Ellen G. White
The Great Controversy, 468

Is he now free to transgress God's law? Says Paul: “Do we then make void the law through faith? God forbid: yea, we establish the law.” “How shall we, that are dead to sin, live any longer therein?” And John declares: “This is the love of God, that we keep His commandments: and His commandments are not grievous.” Romans 3:31; 6:2; 1 John 5:3. In the new birth the heart is brought into harmony with God, as it is brought into accord with His law. When this mighty change has taken place in the sinner, he has passed from death unto life, from sin unto holiness, from transgression and rebellion to obedience and loyalty. The old life of alienation from God has ended; the new life of reconciliation, of faith and love, has begun. Then “the righteousness of the law” will “be fulfilled in us, who walk not after the flesh, but after the Spirit.” Romans 8:4. And the language of the soul will be: “O how love I Thy law! it is my meditation all the day.” Psalm 119:97. GC 468.1

“The law of the Lord is perfect, converting the soul.” Psalm 19:7. Without the law, men have no just conception of the purity and holiness of God or of their own guilt and uncleanness. They have no true conviction of sin and feel no need of repentance. Not seeing their lost condition as violators of God's law, they do not realize their need of the atoning blood of Christ. The hope of salvation is accepted without a radical change of heart or reformation of life. Thus superficial conversions abound, and multitudes are joined to the church who have never been united to Christ. GC 468.2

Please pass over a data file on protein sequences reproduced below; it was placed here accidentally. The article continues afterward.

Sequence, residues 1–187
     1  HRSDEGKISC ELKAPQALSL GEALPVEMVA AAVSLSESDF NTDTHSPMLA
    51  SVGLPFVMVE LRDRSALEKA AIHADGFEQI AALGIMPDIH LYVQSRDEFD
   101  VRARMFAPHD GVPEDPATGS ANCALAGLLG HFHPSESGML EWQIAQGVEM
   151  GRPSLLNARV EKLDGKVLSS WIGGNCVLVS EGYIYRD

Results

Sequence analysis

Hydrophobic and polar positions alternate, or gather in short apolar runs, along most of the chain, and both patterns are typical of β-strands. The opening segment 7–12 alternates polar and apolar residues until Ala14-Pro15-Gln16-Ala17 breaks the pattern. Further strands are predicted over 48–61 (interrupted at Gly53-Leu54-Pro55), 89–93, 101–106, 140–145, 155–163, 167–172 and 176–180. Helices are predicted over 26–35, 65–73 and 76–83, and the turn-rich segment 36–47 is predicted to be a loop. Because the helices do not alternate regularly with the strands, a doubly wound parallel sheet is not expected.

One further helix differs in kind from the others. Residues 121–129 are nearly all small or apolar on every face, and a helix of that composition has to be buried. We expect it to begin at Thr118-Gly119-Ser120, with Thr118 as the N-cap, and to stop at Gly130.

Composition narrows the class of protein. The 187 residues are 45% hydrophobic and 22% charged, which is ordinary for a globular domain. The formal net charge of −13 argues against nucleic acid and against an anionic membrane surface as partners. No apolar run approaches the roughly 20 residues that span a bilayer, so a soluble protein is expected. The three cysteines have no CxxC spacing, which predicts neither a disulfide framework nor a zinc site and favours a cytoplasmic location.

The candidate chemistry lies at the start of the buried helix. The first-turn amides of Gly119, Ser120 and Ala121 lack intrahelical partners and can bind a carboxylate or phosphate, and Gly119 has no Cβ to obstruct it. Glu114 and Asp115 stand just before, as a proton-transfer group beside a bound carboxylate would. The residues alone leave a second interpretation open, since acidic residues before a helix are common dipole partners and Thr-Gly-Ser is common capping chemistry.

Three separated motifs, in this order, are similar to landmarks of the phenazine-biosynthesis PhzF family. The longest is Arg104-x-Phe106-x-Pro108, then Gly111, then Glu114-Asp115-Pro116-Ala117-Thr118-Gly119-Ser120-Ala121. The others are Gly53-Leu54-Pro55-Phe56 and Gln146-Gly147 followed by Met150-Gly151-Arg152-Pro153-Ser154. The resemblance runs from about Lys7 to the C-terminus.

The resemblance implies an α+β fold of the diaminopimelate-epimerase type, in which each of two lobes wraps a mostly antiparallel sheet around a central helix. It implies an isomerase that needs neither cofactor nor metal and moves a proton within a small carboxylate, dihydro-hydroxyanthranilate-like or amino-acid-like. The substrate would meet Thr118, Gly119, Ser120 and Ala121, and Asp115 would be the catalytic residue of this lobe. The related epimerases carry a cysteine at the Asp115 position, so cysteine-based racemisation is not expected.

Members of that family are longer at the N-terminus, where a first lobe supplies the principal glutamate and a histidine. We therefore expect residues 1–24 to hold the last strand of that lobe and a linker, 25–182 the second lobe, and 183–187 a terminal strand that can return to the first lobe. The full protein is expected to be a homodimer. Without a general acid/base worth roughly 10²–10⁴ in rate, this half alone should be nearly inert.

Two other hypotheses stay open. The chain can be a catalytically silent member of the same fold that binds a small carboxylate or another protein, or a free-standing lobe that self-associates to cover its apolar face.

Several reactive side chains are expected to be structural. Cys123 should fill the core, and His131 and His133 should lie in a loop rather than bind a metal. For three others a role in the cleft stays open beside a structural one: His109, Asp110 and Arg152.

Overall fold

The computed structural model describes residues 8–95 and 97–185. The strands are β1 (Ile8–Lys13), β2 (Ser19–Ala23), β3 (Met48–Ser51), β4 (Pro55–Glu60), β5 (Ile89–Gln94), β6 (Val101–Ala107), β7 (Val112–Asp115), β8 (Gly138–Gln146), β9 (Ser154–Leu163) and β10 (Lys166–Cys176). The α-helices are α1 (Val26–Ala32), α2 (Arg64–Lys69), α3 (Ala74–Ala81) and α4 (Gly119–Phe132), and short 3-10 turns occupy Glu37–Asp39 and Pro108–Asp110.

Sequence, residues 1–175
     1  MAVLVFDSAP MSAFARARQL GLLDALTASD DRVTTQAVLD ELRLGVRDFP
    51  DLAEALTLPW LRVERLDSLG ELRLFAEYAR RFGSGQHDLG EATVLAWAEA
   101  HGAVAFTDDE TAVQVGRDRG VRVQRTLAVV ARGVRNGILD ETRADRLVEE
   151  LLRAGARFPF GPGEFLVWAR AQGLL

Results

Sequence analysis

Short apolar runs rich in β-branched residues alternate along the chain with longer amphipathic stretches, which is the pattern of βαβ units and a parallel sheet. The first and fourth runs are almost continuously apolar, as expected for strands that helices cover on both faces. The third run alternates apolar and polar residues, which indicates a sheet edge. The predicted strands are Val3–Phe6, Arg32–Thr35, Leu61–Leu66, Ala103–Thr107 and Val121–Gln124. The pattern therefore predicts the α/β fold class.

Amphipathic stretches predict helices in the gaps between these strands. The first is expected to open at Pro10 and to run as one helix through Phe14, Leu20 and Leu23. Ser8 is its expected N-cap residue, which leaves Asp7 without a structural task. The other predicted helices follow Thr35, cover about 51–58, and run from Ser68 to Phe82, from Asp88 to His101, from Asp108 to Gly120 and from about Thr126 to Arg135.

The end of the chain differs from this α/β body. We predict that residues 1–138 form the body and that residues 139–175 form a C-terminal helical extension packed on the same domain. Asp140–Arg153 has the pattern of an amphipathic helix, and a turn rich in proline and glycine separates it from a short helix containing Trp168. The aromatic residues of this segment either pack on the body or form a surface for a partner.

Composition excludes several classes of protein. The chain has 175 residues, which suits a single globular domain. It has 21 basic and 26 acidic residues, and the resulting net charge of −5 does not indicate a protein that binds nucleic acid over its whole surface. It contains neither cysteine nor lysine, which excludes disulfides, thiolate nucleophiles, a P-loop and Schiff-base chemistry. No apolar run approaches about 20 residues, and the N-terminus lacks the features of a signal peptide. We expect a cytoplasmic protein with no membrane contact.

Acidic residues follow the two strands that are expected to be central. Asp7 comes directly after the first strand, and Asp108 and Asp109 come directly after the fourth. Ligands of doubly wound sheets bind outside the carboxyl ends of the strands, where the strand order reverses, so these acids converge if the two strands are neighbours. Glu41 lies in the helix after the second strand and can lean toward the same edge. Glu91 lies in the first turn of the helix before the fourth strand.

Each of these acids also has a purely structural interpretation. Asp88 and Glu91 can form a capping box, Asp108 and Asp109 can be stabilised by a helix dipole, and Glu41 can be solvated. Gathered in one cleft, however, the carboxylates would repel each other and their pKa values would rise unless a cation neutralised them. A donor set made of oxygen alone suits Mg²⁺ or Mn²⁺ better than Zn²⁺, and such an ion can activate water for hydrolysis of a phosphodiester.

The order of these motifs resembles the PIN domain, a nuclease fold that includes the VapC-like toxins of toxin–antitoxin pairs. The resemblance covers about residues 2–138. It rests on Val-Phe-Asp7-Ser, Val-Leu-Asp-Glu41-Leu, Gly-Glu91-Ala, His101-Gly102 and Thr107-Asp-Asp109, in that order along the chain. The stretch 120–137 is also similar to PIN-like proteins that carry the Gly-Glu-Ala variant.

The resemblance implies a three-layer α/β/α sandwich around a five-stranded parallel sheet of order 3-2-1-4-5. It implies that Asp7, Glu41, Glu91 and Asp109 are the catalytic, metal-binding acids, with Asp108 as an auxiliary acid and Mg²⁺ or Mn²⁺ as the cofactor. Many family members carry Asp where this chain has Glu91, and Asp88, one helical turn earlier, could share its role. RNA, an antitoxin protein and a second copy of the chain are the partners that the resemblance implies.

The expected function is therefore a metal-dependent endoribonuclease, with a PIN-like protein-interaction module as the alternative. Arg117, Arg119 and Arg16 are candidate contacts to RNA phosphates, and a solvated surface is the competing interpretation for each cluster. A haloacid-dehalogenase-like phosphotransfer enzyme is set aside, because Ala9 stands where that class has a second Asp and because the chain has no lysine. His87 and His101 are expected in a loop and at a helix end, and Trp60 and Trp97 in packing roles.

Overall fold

Erroneous theories of sanctification, also, springing from neglect or rejection of the divine law, have a prominent place in the religious movements of the day. These theories are both false in doctrine and dangerous in practical results; and the fact that they are so generally finding favor, renders it doubly essential that all have a clear understanding of what the Scriptures teach upon this point. GC 469.1

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Ellen G. White
Lift Him Up, 319.4

The mightiest created intellect cannot comprehend God; words from the most eloquent tongue fail to describe Him.... Men have only one Advocate, one Intercessor, who is able to pardon transgression. Shall not our hearts swell with gratitude to Him who gave Jesus to be the propitiation for our sins? Think deeply upon the love that the Father has manifested in our behalf, the love that He has expressed for us. We can not measure this love; for measurement there is none. Can we measure infinity? We can only point to Calvary, to the Lamb slain from the foundation of the world.... LHU 319.4

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Ellen G. White
SDA Bible Commentary, vol. 6 (EGW), 1076

15. See EGW on ch. 3:31. 6BC 1076.1

19, 22 (1 Thessalonians 3:13; 4:7; Hebrews 12:14). Wholeness to God—Holiness is wholeness to God. The soul is surrendered to God. The will, and even the thoughts, are brought into subjection to the will of Christ. The love of Jesus fills the soul, and is constantly going out in a clear, refreshing stream, to make glad the hearts of others (Manuscript 33, 1911). 6BC 1076.2

23. A Voice Heard in Heaven—Transgression placed the whole world in jeopardy, under the death sentence. But in heaven there was heard a voice saying, “I have found a ransom” (Letter 22, 1900). 6BC 1076.3

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Ellen G. White
That I May Know Him, 125.3

Is there not occasion for humility? Is there not need of feeling our utter dependence upon Christ every day and hour? ... He took on Him our nature, and became sin for us, that we might have “remission of sins that are past” (Romans 3:25), and through His divine strength and grace might fulfill the righteous requirements of the law. Whoever takes the position that it makes no difference whether or not we keep the commandments of God is not acquainted with Christ. Jesus says, “I have kept my Father's commandments, and abide in his love” (John 15:10), and those who follow Jesus will do as He has done.... TMK 125.3